Daryl, Beth, and walker.

Murdering one’s shadow self seems to be a theme this season. Photo credit Gene Page/AMC.

When a progressively drunker Daryl gets belligerent, Beth gives him an impassioned speech about how being afraid is okay; she tells him she knows his strong silence is bullshit. He finally lets go that he thinks she’s an insensitive asshole because she didn’t cry for her boyfriends or her mom. She’s just like some selfish little college bitch expecting him to take care of her. Like Tara, Daryl is also wracked with guilt over what happened at the prison; “maybe I could’ve done something.” She grabs him in a bear hug from behind and he finally cries, his shoulders slumped. (And all the ladies swooned again.) After everyone’s a little calmer, Daryl tells her about his past, that he was nothing but a drifter wandering around after Merle, nearly getting killed hanging out with tweakers. “I wasn’t nobody, nothin’. Some redneck asshole with an even bigger asshole for a brother.”

But you see, guys? That doesn’t matter now. Beth’s white shirt, her vacations and happy family, matter as little as Daryl’s abusive, poor upbringing. They leave the country club behind, then use the moonshine to burn down the shiner’s shack. They abandon their previous selves in favor of the present. It’s the only thing they can do. As the shack burns, they hold their middle fingers high as The Mountain Goats’ “Up the Wolves” plays in the background. It’s all quite poignant.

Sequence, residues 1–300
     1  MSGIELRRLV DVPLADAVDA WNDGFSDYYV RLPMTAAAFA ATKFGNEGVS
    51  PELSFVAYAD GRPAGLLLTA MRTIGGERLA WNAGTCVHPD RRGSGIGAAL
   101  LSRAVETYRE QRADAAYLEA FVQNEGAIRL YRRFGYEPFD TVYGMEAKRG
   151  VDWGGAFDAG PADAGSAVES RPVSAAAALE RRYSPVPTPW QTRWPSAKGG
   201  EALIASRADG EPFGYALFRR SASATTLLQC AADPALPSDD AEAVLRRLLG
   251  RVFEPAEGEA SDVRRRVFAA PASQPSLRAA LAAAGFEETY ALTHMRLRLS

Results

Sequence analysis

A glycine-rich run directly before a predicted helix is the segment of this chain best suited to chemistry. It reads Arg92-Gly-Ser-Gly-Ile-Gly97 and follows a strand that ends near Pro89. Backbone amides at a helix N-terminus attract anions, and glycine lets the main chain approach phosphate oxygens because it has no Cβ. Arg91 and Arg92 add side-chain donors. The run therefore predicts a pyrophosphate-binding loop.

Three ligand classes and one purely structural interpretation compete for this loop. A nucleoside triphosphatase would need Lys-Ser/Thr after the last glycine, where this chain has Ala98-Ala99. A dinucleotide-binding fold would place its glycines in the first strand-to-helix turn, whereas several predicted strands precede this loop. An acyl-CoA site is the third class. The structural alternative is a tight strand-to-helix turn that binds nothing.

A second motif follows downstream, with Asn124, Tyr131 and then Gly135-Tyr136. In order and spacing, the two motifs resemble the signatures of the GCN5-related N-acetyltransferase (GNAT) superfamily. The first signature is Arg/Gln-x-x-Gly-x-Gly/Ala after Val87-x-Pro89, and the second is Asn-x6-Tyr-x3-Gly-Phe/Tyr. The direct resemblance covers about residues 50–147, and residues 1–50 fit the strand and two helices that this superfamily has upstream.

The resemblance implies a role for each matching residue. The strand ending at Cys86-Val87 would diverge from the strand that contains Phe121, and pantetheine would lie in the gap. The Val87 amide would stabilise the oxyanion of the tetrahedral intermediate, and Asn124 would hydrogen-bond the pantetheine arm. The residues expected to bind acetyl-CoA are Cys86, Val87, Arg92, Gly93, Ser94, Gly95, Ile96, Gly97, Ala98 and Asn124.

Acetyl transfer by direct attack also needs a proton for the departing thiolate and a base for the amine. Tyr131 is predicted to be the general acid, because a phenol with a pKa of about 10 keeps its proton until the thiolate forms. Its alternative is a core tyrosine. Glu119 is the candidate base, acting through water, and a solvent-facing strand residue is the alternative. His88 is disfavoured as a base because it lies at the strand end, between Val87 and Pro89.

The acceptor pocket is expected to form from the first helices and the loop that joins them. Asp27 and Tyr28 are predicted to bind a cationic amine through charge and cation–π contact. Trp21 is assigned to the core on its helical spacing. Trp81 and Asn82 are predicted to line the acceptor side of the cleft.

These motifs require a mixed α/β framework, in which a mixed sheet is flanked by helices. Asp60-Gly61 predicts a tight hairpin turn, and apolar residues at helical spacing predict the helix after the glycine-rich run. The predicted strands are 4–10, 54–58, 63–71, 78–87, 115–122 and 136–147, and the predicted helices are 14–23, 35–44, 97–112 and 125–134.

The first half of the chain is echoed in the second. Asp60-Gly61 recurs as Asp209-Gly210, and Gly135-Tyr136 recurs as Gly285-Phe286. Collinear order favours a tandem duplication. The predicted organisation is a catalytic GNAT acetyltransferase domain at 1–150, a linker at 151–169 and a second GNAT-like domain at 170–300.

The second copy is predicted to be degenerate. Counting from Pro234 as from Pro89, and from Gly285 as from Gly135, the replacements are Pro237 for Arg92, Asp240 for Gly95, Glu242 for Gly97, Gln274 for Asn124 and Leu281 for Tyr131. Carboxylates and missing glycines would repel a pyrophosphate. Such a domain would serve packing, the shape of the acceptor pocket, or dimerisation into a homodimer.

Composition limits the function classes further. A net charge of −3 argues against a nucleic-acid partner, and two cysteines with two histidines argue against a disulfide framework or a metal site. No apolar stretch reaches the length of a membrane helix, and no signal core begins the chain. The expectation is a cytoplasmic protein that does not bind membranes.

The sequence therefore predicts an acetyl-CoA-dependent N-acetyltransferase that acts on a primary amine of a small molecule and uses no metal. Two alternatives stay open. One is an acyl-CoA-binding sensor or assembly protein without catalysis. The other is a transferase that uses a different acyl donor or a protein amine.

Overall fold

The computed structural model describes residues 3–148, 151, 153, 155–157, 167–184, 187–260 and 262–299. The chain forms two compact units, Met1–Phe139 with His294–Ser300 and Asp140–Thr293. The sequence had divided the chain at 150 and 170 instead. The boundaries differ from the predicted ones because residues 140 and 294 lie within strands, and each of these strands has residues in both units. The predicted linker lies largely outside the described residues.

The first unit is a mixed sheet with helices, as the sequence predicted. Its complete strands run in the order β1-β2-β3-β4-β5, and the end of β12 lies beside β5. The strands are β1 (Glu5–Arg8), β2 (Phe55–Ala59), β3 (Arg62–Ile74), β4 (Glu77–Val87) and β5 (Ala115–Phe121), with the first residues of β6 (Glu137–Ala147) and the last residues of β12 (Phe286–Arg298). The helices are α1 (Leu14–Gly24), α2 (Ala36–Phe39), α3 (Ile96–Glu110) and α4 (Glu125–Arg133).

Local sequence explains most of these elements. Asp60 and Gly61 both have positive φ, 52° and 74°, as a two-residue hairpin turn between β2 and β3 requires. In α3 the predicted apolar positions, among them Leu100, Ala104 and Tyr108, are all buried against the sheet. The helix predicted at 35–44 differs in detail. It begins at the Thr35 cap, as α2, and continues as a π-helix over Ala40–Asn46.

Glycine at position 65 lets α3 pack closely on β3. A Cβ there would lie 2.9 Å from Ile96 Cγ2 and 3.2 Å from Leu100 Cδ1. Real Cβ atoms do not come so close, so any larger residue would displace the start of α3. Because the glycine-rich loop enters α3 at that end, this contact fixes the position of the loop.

Last week’s episode ended on an upbeat note; this one did, too. A friend noted earlier in the week on Facebook, though, “Too bad Michonne wasn’t in this episode, and too bad Daryl had to deal with a whiny bitch the whole time.” Sigh. We understand characters are going to deal with the zombie apocalypse in their own ways, but Beth’s way is easily the most obnoxious thus far.

After the defeat of the prison, our cadre of survivors is beginning to find itself again – the writers want to pound this into the audience, for sure. Out with the old you, in with the new you. Although Daryl and Beth aren’t yet pointed in the direction of the Sanctuary, whatever and wherever that is, I’m guessing they will be before long. Next week’s episode is set to take us back to visit Maggie, Sasha, and Bob. With only four more episodes to go, the finale is fast approaching. Will everyone be back together again? Is that completely farfetched?